Time and time again, planes, trains, cars and other vehicles go missing and leave nothing but a mystery to follow. These 10 are the eeriest vehicular mysteries, as chosen by our readers.
Five weeks after its mysterious disappearance in the South Pacific, the MV Joyita was found partially submerged more than 600 miles off-course from its originally planned course without any of its crew, equipment, life-saving vessels and much of its cargo gone.
Where’d the crew and the cargo go? How did the boat travel 600 miles off-course? Some theories say that it could’ve been the Soviets, some say it was the Japanese and some say it was all for insurance fraud. Unfortunately, it’s a mystery we’ll probably never know the answer to.
After sitting stationary on the tarmac at Quatro de Fevereiro Airport in Angola for 14 months, two men who had been previously doing maintenance on the aircraft reportedly boarded this Boeing 727-223, registration number N844AA. With its lights and radio transponder off, the plane began taxiing without any communication or permission, then entered a runway and took off.
It was never seen again.
In the summer of 1943, the U.S. Navy destroyer escort USS Eldridge was at port in Philadelphia testing new equipment. While in port, there were claims from the general public on multiple occasions that she had gone temporarily invisible. Yes, invisible. In her place was only a greenish haze.
Rumor has it that when she reappeared, several of her shipmen were either infused within her structure or suffering from intense nausea. In addition to these claims, there were also people claiming that during a test later in the year, the USS Eldridge had disappeared into “a flash of blue light” and had been transported, yes transported, to Norfolk, Virginia.
Believe what you want.
After its appearance in the James Bond Goldfinger movie, the Aston Martin DB5 with chassis number DP216/1 spent decades being on display around the world. But while in storage in Florida in 1997, the car been stolen right out of an airport hanger. Fifty-one years after the release of Goldfinger and 18 years after the theft, the car has yet to turn up.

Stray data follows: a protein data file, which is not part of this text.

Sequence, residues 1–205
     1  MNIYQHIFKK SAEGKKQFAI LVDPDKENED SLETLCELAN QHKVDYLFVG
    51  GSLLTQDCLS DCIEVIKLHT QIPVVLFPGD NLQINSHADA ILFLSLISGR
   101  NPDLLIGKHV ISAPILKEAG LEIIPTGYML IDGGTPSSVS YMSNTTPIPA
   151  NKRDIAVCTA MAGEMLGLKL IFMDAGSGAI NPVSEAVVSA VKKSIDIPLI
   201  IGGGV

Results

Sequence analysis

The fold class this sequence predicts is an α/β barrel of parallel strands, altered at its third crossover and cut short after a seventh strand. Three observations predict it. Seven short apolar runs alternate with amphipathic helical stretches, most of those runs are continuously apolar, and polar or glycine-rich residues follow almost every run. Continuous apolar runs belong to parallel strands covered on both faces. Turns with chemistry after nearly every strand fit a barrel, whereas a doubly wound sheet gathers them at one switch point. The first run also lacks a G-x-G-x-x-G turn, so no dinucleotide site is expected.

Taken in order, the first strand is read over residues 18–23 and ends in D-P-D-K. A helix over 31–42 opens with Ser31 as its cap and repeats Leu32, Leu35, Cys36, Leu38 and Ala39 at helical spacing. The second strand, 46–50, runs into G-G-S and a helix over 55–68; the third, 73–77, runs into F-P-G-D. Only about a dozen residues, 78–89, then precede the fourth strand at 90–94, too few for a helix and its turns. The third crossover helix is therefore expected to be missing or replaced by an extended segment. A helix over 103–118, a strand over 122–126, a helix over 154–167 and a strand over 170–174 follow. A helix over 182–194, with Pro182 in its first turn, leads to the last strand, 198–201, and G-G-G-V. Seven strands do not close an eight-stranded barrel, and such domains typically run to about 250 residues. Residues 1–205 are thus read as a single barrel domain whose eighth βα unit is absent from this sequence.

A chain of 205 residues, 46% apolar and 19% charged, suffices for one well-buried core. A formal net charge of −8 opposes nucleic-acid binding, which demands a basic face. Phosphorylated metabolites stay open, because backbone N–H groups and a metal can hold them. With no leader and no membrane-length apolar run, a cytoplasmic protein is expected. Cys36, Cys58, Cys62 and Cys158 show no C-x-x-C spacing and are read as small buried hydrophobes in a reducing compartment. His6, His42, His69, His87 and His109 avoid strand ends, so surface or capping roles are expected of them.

When a United States Air Force F-86 fighter plane collided with a USAF B-47 bomber that happened to be carrying a Mk15 nuclear bomb during a practice exercise, the crew on the bomber had requested to drop the nuke in a safe location over the Wassaw Sound so that in the event of a harsh emergency landing, there would be no concerns that the nuke would detonate.
Guess what? They dropped it, it didn’t detonate. But from then on, the bomb was forever missing.
When a U.S. Navy L-8 blimp crashed in-flight above land and no one was found to be piloting the aircraft, people were concerned. An investigation found that two of three life jackets were missing, the vessel had never sent any distress signals and that a briefcase with classified information still properly locked away and secure inside the aircraft. So where did the two passengers go?
After starting on a (presumably) controlled descent to meet its refueling aircraft during a trans-atlantic journey from Florida to Morocco, a B-47 was never heard from or seen again. The refueling aircraft never saw the B-47 and it is has been assumed that the aircraft went down somewhere in the Mediterranean. Down with it went its crew and two containers of various nuclear weapons.
Suggested By: kernow, Photo Credit: Getty Images (Different B-47 shown)
On December 5th, 1945, the five Avenger Torpedo bomber aircraft designated as ‘Flight 19” had gone out for overwater navigation training out of Fort Lauderdale, FL and never returned. It was imagined that they had either run out of fuel or suffered from disorientation and were no longer able to pilot their aircraft.
That, or the Bermuda Triangle just swallowed them whole.
After James Dean’s death, his wrecked Porsche 550 Spyder “Little Bastard” was put on display for a traffic safety exhibit with the California Highway Patrol. That is, until the whole exhibit was mysteriously burnt to the ground, with the car making it out safe and sound (which was also very mysterious).
Then while being transported to another exhibit for display, the car rolled off the transporter and killed a man. When the CHP decided they were done with Little Bastard, it was sent back to its owner, George Barris, but for whatever reason, Little Bastard never made it there.
Where the hell did it go? Where the hell is it? And is it really cursed?
Suggested By: Ghoulardi, Photo Credit: Getty Images
An obvious pick, but one of the most prevailing mysteries of all time.
Amelia Earhart, know for her famous transcontinental flight in 1932, later planned on performing and completing a flight of the whole world. The route set for this flight had mainly planned for Earhart to follow the line of the equator around the whole earth, which would tally up to about 29,000 miles in air travel.
After nearly 22,000 miles of rather successful air travel, Earhart continued on from Lae, New Guinea with a distance of 2,556 miles ahead of it toward Howland Island. After only about 800 miles covered, the aircraft and its occupants were never seen or heard from again.
Suggested By: SolamenteDave, Photo Credit: Getty Images
Welcome back to Answers of the Day - our daily Jalopnik feature where we take the best ten responses from the previous day’s Question of the Day and shine it up to show off. It’s by you and for you, the Jalopnik readers. Enjoy!
Top Photo Credit: MGM/Goldfinger